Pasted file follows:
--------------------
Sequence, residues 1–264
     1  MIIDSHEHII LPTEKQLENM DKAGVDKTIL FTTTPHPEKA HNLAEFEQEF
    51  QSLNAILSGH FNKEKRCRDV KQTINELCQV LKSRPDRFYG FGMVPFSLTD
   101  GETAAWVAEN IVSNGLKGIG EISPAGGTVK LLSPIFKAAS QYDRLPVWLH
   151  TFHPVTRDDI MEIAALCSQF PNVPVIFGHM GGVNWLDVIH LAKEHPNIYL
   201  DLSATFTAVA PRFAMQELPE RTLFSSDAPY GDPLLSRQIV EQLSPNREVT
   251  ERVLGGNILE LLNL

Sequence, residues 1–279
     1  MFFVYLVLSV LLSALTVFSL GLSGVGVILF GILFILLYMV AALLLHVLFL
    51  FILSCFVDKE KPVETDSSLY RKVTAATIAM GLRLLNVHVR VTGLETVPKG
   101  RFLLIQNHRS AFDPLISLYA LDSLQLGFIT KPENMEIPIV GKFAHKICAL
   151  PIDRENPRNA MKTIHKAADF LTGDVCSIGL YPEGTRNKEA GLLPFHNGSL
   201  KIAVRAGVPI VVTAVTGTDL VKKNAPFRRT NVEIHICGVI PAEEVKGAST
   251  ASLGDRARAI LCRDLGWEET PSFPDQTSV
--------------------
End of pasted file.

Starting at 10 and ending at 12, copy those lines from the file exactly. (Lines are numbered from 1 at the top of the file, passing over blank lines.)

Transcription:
    51  FILSCFVDKE KPVETDSSLY RKVTAATIAM GLRLLNVHVR VTGLETVPKG
   101  RFLLIQNHRS AFDPLISLYA LDSLQLGFIT KPENMEIPIV GKFAHKICAL
   151  PIDRENPRNA MKTIHKAADF LTGDVCSIGL YPEGTRNKEA GLLPFHNGSL